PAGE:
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Beira Mayor Daviz Simango, right, pauses from directing disaster relief operations in Beira, Mozambique, Monday March 25, 2019. Simango dreamed about protecting his people from climate change with much of the city being below sea level on a coastline that experts call one of the world's most vulnerable to global warming's rising waters. (AP Photo/Cara Anna)
March 27, 2019 - 8:43 am
BEIRA, Mozambique (AP) — Long before Cyclone Idai roared in and tore apart Mozambique's seaside city of Beira, the mayor dreamed of protecting his people from climate change. It would be a huge challenge. Large parts of the city of 500,000 residents are below sea level on a coastline that experts...
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Displaced families set up their bedding on top of the roof in Buzi district, 200 kilometers (120 miles) outside Beira, Mozambique, on Saturday, March 23, 2019. A second week has begun with efforts to find and help some tens of thousands of people in devastated parts of southern Africa, with some hundreds dead and an unknown number of people still missing. (AP Photo/Themba Hadebe)
March 24, 2019 - 7:41 am
BEIRA, Mozambique (AP) — Cyclone Idai's death toll has risen above 750 in the three southern African countries hit 10 days ago by the storm, as workers restore electricity, water and try to prevent outbreak of cholera, authorities said Sunday. In Mozambique the number of dead has risen to 446 while...
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An angel statuary graces a yard near Hansen Lake Friday, March 22, 2019, in Bellevue, Neb. Residents were allowed into the area for the first time since floodwaters overtook several homes. Flooding in Nebraska has caused an estimated $1.4 billion in damage. The state received Trump's federal disaster assistance approval on Thursday. (Kent Sievers/Omaha World-Herald via AP)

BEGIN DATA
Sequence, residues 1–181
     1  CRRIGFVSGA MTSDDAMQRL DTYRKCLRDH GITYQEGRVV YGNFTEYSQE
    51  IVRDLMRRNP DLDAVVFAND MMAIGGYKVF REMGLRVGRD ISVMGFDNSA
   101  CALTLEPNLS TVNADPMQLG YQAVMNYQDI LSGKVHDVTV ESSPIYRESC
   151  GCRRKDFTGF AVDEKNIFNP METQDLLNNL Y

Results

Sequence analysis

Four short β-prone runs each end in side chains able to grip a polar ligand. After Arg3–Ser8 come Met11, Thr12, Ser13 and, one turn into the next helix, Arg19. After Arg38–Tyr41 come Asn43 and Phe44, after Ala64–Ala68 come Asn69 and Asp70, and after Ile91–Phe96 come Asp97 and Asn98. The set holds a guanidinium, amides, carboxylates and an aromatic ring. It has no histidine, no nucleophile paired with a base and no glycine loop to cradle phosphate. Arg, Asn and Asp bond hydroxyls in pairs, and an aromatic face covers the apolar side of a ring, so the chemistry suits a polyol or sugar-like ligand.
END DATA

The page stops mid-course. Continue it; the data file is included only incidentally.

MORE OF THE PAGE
March 23, 2019 - 4:39 pm
ST. LOUIS (AP) — Even as floodwaters receded in hard-hit places in in the Midwest, experts warned Saturday that with plenty of snow still left to melt in northern states, the relief may only be temporary. Rainfall and some snowmelt spurred flooding in recent weeks that's blamed in three deaths so...
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A man passes through a section of the road damaged by Cyclone Idai in Nhamatanda about 50 kilometres from Beira, in Mozambique, Friday March, 22, 2019. As flood waters began to recede in parts of Mozambique on Friday, fears rose that the death toll could soar as bodies are revealed. (AP Photo/Tsvangirayi Mukwazhi)
March 22, 2019 - 6:33 pm
BEIRA, Mozambique (AP) — With the flooding easing in parts of cyclone-stricken Mozambique on Friday, fears are rising that the waters could yield up many more bodies. The confirmed number of people killed in Mozambique and neighboring Zimbabwe and Malawi climbed past 600. Eight days after Cyclone...
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FILE - In this Jan. 26, 2019 file photo, Rep. Steve King, R-Iowa, speaks during a town hall meeting, in Primghar, Iowa. King says he was told that victims of Hurricane Katrina only asked for help, unlike Iowans. King told his constituents Thursday that as New Orleans recovered from the 2005 storm, someone from FEMA told him that “everybody’s looking around saying, who’s gonna help me, who’s gonna help me?” In contrast, King said, “Iowans take care of each other.” New Orleans is mostly black. Iowa is mostly white. (AP Photo/Charlie Neibergall)
March 22, 2019 - 3:15 pm
WASHINGTON (AP) — Republican Steve King says he was told that victims of Hurricane Katrina only asked for help, unlike people in his home state of Iowa, who "take care of each other." The Iowa congressman on Thursday told a town hall meeting in Charter Oak he visited New Orleans multiple times...